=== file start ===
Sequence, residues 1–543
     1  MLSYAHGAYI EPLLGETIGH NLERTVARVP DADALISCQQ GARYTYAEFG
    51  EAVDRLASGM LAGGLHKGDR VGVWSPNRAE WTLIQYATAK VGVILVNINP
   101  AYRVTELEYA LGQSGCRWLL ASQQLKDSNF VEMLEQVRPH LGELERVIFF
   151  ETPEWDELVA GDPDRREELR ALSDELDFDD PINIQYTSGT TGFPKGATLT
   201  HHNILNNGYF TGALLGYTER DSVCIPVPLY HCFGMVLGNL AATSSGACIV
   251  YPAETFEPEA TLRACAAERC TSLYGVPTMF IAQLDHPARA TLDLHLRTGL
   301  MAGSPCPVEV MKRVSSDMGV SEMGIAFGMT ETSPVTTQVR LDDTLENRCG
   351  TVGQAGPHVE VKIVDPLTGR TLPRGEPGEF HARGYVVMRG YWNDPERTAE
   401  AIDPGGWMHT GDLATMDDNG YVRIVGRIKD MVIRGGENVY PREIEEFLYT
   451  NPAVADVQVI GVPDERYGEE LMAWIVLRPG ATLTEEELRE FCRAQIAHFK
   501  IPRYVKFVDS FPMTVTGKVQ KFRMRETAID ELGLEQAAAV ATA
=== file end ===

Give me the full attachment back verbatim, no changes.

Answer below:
Sequence, residues 1–543
     1  MLSYAHGAYI EPLLGETIGH NLERTVARVP DADALISCQQ GARYTYAEFG
    51  EAVDRLASGM LAGGLHKGDR VGVWSPNRAE WTLIQYATAK VGVILVNINP
   101  AYRVTELEYA LGQSGCRWLL ASQQLKDSNF VEMLEQVRPH LGELERVIFF
   151  ETPEWDELVA GDPDRREELR ALSDELDFDD PINIQYTSGT TGFPKGATLT
   201  HHNILNNGYF TGALLGYTER DSVCIPVPLY HCFGMVLGNL AATSSGACIV
   251  YPAETFEPEA TLRACAAERC TSLYGVPTMF IAQLDHPARA TLDLHLRTGL
   301  MAGSPCPVEV MKRVSSDMGV SEMGIAFGMT ETSPVTTQVR LDDTLENRCG
   351  TVGQAGPHVE VKIVDPLTGR TLPRGEPGEF HARGYVVMRG YWNDPERTAE
   401  AIDPGGWMHT GDLATMDDNG YVRIVGRIKD MVIRGGENVY PREIEEFLYT
   451  NPAVADVQVI GVPDERYGEE LMAWIVLRPG ATLTEEELRE FCRAQIAHFK
   501  IPRYVKFVDS FPMTVTGKVQ KFRMRETAID ELGLEQAAAV ATA